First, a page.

Des Plaines aldermen to vote on paying Alderman Dick Sayad's legal bills

Des Plaines aldermen vote concerns Sayad trespassing case

  • Dick Sayad

    Dick Sayad

Updated 3/13/2015 6:19 PM

Des Plaines aldermen are scheduled to vote Monday on whether the city should fund Alderman Dick Sayad's defense in his criminal trespassing case.

A simple majority vote of the 8-member council may determine whether the city provides a lawyer for Sayad when he goes to Cook County circuit court in Skokie April 10, or if the city reimburses the legal fees of an attorney he hires.


Some council members told the Daily Herald last week that the city should pay for Sayad's defense, since they say he was acting in his official capacity as alderman when he entered a private home Feb. 25 to discuss a ticket the homeowners received for not clearing a public sidewalk.

Whether Sayad casts a vote on the matter isn't known, though City Manager Mike Bartholomew said Thursday he's already asked General Counsel Peter Friedman to research whether the 4th Ward alderman should recuse himself.

Sayad said Thursday he doesn't know if he'll refrain from voting.

"I have to first find out what is gonna happen there and wait and see what the motions are and how it's gonna be. If I recuse myself, maybe should the mayor recuse himself too?" said Sayad, in reference to Mayor Matt Bogusz, who is supporting Sayad's opponent Mark Setzer in the April 7 election. "I'm gonna wait and see, and see how things play out."

Bogusz didn't respond to a request for comment Thursday.

Sayad was charged with criminal trespassing to property Feb. 27, two days after he walked into the house on the 400 block of Harvey Avenue.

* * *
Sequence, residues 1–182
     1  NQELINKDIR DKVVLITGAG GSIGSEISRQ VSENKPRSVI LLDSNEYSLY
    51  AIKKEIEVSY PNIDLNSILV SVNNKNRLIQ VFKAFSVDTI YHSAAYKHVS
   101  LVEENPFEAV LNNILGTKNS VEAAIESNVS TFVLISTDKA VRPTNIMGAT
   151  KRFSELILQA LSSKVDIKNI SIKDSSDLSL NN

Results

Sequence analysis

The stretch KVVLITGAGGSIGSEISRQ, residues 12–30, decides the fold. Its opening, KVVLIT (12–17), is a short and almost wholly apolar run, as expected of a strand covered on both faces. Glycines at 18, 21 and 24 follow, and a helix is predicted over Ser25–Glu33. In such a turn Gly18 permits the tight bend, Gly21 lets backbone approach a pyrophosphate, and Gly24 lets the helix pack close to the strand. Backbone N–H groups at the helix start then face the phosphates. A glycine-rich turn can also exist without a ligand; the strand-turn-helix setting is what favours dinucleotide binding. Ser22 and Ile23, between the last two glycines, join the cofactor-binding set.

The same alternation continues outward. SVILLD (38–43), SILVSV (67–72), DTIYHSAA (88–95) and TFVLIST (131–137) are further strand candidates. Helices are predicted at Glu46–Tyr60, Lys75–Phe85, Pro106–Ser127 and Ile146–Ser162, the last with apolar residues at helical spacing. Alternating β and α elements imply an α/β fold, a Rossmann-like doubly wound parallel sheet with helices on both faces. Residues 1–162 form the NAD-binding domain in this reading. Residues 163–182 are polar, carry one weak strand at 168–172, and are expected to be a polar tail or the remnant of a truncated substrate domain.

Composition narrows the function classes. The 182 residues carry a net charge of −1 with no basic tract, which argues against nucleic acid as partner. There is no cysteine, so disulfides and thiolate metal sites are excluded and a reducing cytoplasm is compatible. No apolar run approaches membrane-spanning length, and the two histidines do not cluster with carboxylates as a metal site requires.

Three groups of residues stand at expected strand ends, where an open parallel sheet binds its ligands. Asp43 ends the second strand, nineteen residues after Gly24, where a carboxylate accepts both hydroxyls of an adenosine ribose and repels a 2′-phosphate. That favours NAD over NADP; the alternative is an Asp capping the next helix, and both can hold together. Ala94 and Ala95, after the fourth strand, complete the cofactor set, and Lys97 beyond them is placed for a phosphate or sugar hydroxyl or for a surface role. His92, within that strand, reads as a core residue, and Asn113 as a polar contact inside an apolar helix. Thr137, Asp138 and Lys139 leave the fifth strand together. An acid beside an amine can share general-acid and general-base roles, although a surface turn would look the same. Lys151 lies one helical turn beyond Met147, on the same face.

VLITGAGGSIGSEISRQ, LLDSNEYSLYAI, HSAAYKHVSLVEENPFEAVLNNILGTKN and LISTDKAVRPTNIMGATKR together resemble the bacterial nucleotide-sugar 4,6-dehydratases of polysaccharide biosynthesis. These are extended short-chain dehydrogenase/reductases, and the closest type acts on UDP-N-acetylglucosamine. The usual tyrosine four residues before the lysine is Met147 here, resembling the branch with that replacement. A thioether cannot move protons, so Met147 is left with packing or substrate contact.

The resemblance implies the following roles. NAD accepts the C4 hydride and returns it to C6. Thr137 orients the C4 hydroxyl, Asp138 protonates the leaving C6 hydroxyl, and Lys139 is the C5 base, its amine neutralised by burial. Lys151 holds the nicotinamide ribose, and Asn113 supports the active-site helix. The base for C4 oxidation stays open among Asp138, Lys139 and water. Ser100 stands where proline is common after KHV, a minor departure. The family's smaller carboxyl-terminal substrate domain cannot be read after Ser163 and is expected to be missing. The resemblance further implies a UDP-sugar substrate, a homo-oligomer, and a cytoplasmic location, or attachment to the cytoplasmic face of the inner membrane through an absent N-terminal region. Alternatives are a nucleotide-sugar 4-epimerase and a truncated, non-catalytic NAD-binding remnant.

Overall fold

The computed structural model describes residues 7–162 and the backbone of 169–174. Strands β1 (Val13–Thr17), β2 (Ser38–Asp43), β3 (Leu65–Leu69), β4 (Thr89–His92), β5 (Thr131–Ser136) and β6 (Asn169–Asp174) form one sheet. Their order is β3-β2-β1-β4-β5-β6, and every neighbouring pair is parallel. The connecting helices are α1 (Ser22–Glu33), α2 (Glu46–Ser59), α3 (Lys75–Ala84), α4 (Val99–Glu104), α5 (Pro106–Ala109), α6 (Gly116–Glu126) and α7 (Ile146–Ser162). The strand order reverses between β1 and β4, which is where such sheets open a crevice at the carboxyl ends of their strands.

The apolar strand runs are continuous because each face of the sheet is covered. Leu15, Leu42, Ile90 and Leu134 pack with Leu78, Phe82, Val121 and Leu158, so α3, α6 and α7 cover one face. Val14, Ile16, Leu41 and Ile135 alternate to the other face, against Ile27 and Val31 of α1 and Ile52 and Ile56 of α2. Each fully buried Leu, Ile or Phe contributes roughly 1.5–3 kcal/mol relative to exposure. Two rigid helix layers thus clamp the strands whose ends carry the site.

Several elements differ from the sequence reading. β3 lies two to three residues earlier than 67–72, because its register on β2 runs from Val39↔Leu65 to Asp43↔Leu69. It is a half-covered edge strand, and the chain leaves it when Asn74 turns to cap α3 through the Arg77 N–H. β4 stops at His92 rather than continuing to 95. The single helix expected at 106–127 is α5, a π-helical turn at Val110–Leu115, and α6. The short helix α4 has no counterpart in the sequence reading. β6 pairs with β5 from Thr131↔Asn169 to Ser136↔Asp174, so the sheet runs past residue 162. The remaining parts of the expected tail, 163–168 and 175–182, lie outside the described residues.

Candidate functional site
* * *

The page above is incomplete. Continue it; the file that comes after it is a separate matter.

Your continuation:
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According to a police report, Sayad said he knocked on the unlocked back door and when no one answered, went inside and walked upstairs, thinking it was a two-flat. He then knocked on a second door, which was answered by homeowner Dave Uhrich, who was teaching a lesson in his upstairs music studio.

Sayad told police the situation was all a big mistake and denied committing any crime.

A 1988 city ordinance makes it possible for the city to fund Sayad's defense. The ordinance states that lawsuits filed against elected city officials "in their capacity as employees or agents of the city shall be defended by the city. Any judgments or expenses resulting therefrom shall be paid by the city unless a determination or finding is made that the elected or appointed official acted outside the scope of his position."

While the case technically is a criminal charge, Bartholomew said the city ordinance could be interpreted so that the case falls under the auspices of a lawsuit.

And while the ordinance is unclear who decides whether an official acted "outside the scope of his position," Bartholomew believes it is the council's call.


Bartholomew said Sayad told him this week he wants the matter on the agenda for Monday night's meeting.

Two aldermen, Jim Brookman and Patti Haugeberg, told the Daily Herald last week they believe the city should pay for Sayad's defense, while one alderman, Don Smith, declared his opposition. Others were on the fence.

If the council votes to fund Sayad's defense, Bartholomew said, the money will come from the city's general fund. That's because officials from the city's insurance carrier, Municipal Insurance Cooperative Agency, said criminal offenses aren't covered under the city's policy.

The city council meets at 7 p.m. Monday at 1420 Miner St.

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